Monthly Archives: June 2015

In the end, in the end, in the end

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Things continue to be pretty heavy at The Dale. Two dear friends are still in hospital, and may not come out. Another community member who it seemed was just beginning to trust us, and was only a year older than me, passed away last week. As a community, and as individuals, we are sad, and tired.

This morning I was with one of our friends in the hospital, just before he was transferred to a different, further away, hospital. I read him a psalm, and reminded him that he is God’s beloved. He replied, “I know. I’m his creation. I’m his son!” This friend has seen more than his fair share of struggles (and showed me some of his scars today that prove it… not that I had any doubt), and yet he holds onto his true identity as a beloved child of God.

Later in the day I was at the Thrift Store, for our coffee and hang-out time. We are often visited on Tuesdays by a small friend and his babysitter, and their presence is always a blessing. This little guy has a very kind and, I think, pastoral heart. Before he left today, he went around and gave each person in the circle a big hug. I can’t even tell you how beautiful it was. This child knows that he is loved, and out of that love flows love for others.

The other friend who is hospitalized is on life support, so I haven’t been able to talk to him in two and a half weeks. But he has many sayings that have been running through my head over these past weeks. One of them, that he used in the way that I use “anyways” or “in any case”, is “in the end, in the end, in the end.” I’ve been thinking about that, and holding onto the hope that it points me towards. In the end, all will be made right. We are beloved children of God, and in the end we will no longer experience loss, fear, illness, confusion and pain. In the end, in the end, in the end.

And in the meantime, we need to keep remembering our identity, know that we are loved, and love each other with that love.

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Hope in the heaviness

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If you read Erinn’s blog, you’ll know that this has been a heavy week, and it feels like it might get heavier.

Last Wednesday there were two memorials in a row for folks from the Sanctuary community (one of whom also came to The Dale), followed by the death of another Sanctuary member a few days later. I didn’t know any of these three men well, but I know people who did know them well, and am sad for everyone involved. Erinn and I were able to attend one of the two memorials, where we were reminded that there is nothing fair about the way life unfolds, but that if the Beatitudes are true, the most broken WILL be the most blessed in the end. This doesn’t seem to do a whole lot for us or our friends in the present, as we bear witness to the struggles, illnesses, overdoses, accidents, and premature deaths. But if we don’t have this hope, we don’t have much.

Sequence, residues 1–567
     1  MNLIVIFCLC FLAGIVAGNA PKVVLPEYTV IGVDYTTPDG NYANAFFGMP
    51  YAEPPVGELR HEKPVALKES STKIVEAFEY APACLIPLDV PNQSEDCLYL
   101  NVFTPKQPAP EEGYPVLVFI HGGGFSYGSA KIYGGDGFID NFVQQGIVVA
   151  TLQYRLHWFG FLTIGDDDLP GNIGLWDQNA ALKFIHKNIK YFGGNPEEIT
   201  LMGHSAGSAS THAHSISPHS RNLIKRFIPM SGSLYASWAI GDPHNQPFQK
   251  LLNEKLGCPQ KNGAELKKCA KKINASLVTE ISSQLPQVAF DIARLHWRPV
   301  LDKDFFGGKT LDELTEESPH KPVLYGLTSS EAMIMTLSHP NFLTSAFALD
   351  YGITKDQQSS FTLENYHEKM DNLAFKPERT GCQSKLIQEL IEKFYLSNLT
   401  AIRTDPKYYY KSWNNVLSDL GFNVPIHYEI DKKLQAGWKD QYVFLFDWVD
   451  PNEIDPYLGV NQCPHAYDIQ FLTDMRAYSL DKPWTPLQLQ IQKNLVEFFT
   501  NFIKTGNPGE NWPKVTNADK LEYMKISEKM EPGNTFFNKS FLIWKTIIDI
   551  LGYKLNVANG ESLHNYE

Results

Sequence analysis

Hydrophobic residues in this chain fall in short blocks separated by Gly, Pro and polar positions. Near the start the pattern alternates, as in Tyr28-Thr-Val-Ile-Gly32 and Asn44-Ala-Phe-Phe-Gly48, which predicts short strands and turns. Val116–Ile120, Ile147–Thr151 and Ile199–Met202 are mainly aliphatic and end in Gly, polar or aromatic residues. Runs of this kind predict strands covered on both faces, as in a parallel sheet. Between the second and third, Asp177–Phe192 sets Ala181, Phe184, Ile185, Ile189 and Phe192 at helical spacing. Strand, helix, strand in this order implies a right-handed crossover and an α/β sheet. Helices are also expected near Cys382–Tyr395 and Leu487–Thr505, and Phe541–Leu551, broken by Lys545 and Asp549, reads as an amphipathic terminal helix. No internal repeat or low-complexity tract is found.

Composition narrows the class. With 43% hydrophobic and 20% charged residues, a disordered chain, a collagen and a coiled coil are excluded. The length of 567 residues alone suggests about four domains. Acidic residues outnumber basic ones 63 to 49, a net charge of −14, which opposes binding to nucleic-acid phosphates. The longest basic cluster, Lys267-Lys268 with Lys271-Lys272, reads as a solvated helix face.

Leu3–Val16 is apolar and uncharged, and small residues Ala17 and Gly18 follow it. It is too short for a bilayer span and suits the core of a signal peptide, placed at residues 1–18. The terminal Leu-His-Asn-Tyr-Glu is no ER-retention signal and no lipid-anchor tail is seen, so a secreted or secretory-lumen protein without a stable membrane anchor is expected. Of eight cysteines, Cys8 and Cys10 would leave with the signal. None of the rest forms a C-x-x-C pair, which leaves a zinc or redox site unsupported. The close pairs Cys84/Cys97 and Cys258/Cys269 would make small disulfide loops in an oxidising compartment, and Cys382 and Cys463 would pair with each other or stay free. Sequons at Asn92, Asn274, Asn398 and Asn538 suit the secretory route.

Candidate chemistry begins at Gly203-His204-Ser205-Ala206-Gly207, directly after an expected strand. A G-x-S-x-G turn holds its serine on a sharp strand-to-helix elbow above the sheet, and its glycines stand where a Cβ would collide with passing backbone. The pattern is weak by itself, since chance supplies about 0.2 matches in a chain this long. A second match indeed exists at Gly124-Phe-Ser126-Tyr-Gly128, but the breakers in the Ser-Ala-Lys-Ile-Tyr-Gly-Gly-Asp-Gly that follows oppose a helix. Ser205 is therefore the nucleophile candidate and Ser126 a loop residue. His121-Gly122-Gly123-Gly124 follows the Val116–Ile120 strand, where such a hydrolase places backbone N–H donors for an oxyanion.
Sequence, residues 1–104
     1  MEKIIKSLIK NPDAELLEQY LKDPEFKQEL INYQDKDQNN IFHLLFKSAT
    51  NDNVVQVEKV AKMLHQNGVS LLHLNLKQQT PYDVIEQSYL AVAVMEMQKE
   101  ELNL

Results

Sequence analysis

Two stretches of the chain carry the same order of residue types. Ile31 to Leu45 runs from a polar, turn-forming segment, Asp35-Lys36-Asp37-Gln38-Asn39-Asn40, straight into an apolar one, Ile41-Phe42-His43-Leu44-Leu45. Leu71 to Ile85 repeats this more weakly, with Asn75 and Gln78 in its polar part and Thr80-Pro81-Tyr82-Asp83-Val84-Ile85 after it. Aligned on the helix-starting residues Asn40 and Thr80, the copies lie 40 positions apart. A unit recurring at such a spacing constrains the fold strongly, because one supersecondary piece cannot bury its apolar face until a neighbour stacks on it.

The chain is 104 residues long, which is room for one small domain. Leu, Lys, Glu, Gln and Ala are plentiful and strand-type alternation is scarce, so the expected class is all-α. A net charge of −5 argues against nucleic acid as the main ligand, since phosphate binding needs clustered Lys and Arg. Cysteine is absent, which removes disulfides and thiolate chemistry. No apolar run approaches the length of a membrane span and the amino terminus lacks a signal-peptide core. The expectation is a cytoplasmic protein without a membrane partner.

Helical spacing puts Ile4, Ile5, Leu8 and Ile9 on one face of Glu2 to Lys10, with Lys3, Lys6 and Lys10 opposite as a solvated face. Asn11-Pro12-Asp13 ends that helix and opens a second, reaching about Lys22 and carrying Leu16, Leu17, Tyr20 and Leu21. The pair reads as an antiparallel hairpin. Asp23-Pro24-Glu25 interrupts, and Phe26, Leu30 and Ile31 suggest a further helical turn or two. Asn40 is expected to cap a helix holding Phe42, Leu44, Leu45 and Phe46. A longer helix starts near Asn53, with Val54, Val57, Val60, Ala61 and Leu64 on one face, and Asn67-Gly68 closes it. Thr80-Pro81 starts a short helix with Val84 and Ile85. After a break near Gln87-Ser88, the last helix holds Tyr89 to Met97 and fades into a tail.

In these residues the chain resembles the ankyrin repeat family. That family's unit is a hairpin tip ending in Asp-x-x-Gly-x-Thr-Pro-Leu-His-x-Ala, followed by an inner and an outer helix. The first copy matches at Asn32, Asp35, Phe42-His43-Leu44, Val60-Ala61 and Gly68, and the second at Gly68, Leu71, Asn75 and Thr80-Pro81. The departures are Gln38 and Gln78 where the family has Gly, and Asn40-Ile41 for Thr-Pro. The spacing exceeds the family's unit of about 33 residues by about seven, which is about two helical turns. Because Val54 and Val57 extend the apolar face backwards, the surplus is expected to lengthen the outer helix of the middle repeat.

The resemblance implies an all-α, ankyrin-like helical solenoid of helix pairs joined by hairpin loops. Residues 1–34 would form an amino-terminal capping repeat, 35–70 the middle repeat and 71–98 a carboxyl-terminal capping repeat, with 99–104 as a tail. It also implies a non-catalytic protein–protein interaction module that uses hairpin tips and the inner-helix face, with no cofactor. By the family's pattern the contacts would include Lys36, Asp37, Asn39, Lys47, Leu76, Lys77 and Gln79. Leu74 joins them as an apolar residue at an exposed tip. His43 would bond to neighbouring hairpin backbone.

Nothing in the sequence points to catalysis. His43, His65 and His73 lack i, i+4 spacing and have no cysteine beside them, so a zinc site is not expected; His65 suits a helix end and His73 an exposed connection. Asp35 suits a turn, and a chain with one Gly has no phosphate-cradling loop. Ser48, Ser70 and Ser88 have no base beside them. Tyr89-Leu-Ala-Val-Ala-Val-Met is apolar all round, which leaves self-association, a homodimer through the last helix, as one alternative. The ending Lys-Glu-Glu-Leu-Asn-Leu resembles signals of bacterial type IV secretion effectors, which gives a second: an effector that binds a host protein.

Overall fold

I’ve been trying to hold onto this hope, as two beloved Dale folks have been hospitalized in the last week and a half with life threatening situations. Rumours were flying around this morning that one of them had been taken off life support, which is untrue. But the knowledge that this is a real possibility in the coming days or weeks is scary and sad.

Last week I also had difficult encounters with a Sanctuary friend, then a Dale friend a few hours later, while running errands downtown. I left both encounters genuinely and sadly wondering if my presence had had a net positive, neutral or negative impact on my friends. I was reminded of the fact that sometimes there is very little I can do for my friends in the moment, and that my best efforts may backfire. I was reminded that I don’t have all the answers, and I never will.

And yet, I/we hold onto the hope of the Beatitudes, the resurrection, and the coming kingdom.

In the meantime we’ve been given little gifts, like a beautiful, full-sky rainbow during street outreach at the end of the double-memorial day. And wonderful words of encouragement from various folks in the community who remind us that the presence of this little group of strugglers is important and good. And the chance to celebrate my dad’s birthday, with a beautiful bike ride along the water. So in the midst of the heaviness, there are reasons for hope and gratitude.